It's easy to tag the Autumn Defense as a band striving to re-create the sun-splashed sound of the classic California folk-rock and chamber pop albums of the '60s and early '70s, but while their musical influences are clear, the truth is that Patrick Sansone and John Stirratt have delivered an album every bit as satisfying and beautiful as the artists they've followed with their self-titled third release. The Autumn Defense is a rich and mature collection of songs that sparkle with melodic beauty without ignoring the more difficult emotions that are often part and parcel of commitment; thankfully devoid of self-pity or a deluded joy, these songs speak of passion and experience in equal portions, and the superb arrangements and crisp, nearly flawless playing bring forward the impassioned material with inspired accuracy. As songwriters, Sansone and Stirratt deliver their strongest work to date on The Autumn Defense, and Sansone's production is lush without sounding excessive, as a superb ensemble of musicians (among them Nels Cline, Brad Jones, and Jim Hoke) weave superb textures around the melodies. The result is an album that wouldn't have sounded out of place coming from Elektra Records in 1970, but The Autumn Defense isn't an act of nostalgia for an era these musicians are too young to have been part of; instead, Sansone, Stirratt, and their collaborators have embraced the sound of a previous era and used it as a creative stepping stone into the present, and the finished product is truly timeless music with superb craft and plenty of heart. Simply put, The Autumn Defense is a triumph and one of the most impressive albums of the year.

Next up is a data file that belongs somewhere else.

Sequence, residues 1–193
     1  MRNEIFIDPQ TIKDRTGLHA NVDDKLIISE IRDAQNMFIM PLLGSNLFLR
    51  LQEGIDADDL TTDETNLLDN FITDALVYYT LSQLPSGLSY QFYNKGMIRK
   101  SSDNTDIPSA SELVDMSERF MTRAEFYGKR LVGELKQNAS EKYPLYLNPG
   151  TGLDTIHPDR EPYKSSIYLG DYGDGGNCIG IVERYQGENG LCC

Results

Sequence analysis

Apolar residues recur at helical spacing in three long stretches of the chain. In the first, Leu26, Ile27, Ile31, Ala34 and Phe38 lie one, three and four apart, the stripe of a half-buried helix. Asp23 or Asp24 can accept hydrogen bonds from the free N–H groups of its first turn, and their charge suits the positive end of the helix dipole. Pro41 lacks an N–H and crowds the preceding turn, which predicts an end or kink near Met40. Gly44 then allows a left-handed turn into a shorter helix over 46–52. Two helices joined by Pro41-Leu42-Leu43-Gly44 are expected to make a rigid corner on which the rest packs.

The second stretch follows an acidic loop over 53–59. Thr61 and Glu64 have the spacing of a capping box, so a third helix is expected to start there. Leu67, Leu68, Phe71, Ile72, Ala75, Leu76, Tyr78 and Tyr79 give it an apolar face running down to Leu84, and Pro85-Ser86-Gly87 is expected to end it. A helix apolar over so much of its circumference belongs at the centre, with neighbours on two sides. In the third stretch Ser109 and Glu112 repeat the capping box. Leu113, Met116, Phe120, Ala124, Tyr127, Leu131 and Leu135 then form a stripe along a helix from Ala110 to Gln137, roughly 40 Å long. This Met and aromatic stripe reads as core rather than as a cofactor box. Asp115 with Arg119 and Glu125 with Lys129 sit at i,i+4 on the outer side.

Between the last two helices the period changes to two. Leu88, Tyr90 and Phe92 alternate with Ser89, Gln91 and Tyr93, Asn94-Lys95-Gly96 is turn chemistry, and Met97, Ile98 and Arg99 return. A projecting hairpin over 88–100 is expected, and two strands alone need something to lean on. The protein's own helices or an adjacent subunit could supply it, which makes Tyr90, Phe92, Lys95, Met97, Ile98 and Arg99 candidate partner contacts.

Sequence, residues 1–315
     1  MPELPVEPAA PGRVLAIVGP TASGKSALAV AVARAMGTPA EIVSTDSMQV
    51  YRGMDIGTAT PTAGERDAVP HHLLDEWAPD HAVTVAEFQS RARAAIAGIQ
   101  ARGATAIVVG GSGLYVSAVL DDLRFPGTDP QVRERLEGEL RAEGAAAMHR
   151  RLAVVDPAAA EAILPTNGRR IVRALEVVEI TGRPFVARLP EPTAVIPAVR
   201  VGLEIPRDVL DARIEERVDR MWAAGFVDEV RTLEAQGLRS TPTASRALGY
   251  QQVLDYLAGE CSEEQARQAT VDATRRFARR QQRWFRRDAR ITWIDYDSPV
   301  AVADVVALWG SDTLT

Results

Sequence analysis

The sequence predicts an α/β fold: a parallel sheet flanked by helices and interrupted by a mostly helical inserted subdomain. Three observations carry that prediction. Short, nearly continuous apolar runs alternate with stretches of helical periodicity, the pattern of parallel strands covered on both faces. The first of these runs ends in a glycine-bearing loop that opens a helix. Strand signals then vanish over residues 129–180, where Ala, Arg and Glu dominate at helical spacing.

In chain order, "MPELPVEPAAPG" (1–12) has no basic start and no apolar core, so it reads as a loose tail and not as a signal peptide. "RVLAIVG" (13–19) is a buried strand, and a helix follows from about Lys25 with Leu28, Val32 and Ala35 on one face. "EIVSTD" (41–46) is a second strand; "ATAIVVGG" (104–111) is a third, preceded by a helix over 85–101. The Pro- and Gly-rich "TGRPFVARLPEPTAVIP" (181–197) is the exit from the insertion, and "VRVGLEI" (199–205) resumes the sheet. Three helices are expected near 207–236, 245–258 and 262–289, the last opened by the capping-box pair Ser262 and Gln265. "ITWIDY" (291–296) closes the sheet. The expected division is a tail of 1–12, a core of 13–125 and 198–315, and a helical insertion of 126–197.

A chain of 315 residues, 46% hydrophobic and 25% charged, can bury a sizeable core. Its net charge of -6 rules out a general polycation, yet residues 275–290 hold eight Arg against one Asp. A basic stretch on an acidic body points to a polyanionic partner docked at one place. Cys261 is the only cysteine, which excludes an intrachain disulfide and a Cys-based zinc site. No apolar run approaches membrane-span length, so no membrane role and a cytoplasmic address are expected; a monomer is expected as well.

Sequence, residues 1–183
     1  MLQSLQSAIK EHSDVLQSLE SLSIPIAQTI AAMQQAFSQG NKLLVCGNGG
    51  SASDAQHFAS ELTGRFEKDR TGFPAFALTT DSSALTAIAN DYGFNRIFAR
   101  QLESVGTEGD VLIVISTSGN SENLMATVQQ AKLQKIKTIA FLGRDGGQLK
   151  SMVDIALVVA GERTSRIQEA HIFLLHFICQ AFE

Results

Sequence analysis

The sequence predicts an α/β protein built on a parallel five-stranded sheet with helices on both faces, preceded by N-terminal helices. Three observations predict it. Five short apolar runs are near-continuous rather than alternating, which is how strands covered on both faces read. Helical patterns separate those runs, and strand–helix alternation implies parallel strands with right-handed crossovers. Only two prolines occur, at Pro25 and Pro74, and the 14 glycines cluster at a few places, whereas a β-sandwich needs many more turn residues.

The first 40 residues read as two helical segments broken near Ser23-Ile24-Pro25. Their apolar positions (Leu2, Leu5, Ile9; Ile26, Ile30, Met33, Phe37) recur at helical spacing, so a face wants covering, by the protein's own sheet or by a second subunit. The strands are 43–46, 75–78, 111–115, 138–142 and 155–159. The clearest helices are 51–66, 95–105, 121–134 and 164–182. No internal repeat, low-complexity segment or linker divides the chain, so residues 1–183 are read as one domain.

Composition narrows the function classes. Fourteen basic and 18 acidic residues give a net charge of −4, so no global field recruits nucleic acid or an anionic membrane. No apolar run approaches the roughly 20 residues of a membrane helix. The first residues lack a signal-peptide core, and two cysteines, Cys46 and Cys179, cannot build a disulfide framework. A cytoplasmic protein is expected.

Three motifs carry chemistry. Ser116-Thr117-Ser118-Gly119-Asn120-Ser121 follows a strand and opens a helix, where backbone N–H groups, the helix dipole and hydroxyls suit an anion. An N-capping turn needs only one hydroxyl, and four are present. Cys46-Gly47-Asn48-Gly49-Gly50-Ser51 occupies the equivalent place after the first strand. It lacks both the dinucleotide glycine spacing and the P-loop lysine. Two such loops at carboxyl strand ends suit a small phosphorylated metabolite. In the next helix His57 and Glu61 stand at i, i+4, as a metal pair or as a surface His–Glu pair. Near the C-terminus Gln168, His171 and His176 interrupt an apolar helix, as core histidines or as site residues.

AllMusic Review by Mark Deming